Inside the Mind of a born Atheist

officeathiestOf late, I find myself in very reflective moods. Looking back over past events, present events, my current opinions of the world, and the often contrary opinions of others. The world is an angry place it seems to me. Offence is easily found, frequently given, and deliberately contrived in some circumstances. Extreme ego and over sensitivity in abundance. That is not to say that there isn’t kindness and joy to be found, it just seems a little muted in the noise of everything else.

I am fortunate in that many of my close friendships are largely positive ones, or at the very least, a little distant. I don’t seem to have many extremely angry individuals. Maybe that is a case of judicial subconscious vetting on my part, or that I tend to avoid such environments thus never be in a situation where such connections can occur. So when I make my observations, it is more often than not from an emotional distance from the people involved.

Something that seems to be big news these days, and by big I mean overwhelmingly dominating, is religion and politics; two of the three things you should never argue with, the third being a woman… ever. 😉

ratkinson-athiestPolitics is understandable given the circus going on both in my home country, and in America. Religion is also understandable, considering it is currently being blamed as the source of frightening acts of terrorism. Let me state right now that I do not see religion as being the source of terrorism. Terrorism is the act of an individual or group, regardless of their associated faith, political leanings, race, etc that choose to incite terror and harm to others in order to achieve political, ideological or religious based aims. In short, a person is a terrorist, not an ideology.

Now, as I have stated before in a previous blog, I am not religious. Nor am I someone who once was religious and has since “lost faith.” I have never had, nor needed faith of this sort. And to be honest, I have only recently become aware of the pervasiveness of faith in society. It has simply not been a “something” in my life.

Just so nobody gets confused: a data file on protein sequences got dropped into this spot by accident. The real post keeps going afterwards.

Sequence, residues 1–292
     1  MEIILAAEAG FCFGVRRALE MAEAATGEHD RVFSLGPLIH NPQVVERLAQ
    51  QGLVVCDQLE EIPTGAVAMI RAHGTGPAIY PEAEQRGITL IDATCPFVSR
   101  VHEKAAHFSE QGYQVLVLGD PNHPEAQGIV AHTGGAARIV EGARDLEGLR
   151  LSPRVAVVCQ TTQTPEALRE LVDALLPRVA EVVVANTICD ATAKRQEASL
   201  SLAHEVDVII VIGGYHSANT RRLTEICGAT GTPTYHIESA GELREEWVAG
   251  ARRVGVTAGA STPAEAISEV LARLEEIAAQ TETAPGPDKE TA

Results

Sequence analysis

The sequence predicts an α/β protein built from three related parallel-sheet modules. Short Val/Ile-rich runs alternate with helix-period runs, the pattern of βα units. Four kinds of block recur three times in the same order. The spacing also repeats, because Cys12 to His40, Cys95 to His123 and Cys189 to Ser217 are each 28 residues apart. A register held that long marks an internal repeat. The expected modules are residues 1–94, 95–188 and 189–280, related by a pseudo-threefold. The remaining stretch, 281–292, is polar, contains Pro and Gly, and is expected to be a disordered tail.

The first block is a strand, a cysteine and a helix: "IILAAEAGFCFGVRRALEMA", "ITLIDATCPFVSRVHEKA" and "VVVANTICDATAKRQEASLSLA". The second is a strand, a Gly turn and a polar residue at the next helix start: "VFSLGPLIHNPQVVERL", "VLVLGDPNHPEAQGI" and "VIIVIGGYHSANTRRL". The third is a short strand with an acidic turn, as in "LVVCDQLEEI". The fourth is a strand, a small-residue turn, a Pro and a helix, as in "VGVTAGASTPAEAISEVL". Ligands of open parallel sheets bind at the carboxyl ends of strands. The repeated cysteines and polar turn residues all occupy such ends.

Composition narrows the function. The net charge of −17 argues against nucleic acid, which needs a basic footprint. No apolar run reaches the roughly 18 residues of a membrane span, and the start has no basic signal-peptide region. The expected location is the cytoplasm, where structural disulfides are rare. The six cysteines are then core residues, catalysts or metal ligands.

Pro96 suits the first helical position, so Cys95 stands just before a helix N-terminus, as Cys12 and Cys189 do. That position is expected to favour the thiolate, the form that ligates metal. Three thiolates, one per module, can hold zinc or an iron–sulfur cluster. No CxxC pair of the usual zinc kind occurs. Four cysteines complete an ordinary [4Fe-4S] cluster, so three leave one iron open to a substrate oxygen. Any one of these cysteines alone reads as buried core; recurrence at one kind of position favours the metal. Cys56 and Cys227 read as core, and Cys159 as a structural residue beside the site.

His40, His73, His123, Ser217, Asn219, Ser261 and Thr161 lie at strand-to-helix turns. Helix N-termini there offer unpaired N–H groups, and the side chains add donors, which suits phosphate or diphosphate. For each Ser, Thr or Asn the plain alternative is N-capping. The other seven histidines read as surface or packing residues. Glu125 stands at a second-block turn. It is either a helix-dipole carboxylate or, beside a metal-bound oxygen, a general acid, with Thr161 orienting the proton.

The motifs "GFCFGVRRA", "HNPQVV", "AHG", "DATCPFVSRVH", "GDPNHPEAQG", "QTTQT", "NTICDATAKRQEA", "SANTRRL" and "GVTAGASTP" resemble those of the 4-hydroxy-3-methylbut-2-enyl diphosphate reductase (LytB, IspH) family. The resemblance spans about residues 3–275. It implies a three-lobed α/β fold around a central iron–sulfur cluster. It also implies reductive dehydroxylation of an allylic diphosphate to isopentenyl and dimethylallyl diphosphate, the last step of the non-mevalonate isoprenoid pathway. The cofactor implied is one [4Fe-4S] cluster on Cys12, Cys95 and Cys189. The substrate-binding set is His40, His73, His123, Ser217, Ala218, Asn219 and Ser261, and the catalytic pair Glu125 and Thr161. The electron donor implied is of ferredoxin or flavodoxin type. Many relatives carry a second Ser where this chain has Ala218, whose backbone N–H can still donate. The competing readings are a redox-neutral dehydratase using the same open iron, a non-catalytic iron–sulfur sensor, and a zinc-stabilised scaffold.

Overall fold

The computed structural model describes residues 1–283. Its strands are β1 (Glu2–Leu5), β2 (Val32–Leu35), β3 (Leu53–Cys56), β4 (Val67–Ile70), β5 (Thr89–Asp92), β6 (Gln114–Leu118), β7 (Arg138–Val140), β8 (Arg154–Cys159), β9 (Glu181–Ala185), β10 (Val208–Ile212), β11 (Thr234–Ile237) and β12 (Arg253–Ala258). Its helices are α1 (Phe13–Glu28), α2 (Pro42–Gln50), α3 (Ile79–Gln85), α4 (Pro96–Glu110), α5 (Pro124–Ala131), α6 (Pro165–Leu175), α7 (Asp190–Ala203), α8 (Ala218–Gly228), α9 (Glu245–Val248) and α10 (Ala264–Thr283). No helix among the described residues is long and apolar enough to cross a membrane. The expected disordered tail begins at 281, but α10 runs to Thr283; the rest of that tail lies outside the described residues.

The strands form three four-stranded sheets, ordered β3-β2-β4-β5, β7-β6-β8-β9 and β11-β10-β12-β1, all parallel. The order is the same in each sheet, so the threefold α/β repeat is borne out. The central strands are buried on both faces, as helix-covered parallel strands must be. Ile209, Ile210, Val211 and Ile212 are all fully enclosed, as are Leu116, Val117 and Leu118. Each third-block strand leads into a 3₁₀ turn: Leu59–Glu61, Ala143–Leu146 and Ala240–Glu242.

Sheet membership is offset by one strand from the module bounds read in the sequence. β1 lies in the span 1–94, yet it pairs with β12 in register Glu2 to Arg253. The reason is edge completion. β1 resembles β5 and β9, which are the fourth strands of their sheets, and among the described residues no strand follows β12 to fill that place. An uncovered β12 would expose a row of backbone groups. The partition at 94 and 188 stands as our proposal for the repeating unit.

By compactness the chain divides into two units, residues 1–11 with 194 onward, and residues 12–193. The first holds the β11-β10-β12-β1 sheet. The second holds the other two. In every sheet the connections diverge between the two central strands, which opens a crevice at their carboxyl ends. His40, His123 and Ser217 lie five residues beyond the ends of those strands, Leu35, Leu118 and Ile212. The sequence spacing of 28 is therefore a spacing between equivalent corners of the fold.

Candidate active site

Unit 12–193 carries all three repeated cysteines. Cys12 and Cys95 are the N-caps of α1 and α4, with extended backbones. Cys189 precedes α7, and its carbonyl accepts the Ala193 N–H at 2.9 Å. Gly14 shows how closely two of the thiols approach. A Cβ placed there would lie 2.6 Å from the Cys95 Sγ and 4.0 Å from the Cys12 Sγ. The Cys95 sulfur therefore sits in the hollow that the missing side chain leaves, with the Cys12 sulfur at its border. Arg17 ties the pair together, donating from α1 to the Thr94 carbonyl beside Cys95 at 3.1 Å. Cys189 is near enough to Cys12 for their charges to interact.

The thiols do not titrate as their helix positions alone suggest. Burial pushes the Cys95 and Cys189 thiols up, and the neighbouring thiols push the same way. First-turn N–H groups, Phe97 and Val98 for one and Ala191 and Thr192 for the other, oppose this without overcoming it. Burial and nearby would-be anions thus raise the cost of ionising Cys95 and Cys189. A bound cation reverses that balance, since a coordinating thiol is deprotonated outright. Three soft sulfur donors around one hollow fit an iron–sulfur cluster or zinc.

To put this in perspective (hopefully), imagine an orchard which has trees of many different kinds. Each produces different fruits and there are lots of them. Some are variations of a single type, other are completely different. All these different fruits represent the many different religions, and their numerous variations in the world today.

Then imagine a person born so far from this orchard as to be unaware of its existence. The fruits that come from this orchard have never been seen by this person. They grow up without knowing of them, or to taste them, but they have seen others who have eaten the fruits of the orchard. Because he is unaware of the fruits, and only sees the people, he learns only that people are different and varied, and their thoughts and actions were often confusing.

Being unaware of the existence of the fruits of religion, they lived their life without any fruit and where therefore unfamiliar with the various flavours, both sweet and bitter. I’ll equate this to morals and ethics. They learnt about morals and ethics by observing others, advice from anonymous figures of authority, and through personal experiences. I say anonymous figures of authority to denote non-ideological associations. Teachers, parents, the law… absent of religious motivations.

notreligionThis person would be me, essentially, until recently when I began to take a little more notice of the beliefs of others. Unaware and unaffected. I was simply oblivious of the depths that theism went to, and only observed the superficial effects it had. I learned more about being a “good” person by observing the behaviour of others than through any instruction during my youth.

So when I say I don’t believe in God, or Gods, what I’m really saying is that I have never had a need for such ideas. It is the canvas that was never offered, the basket never needed. In computing, there is the concept of the null data set, which means the completely empty set. It is not zero, nor negative. It is simply not anything at all.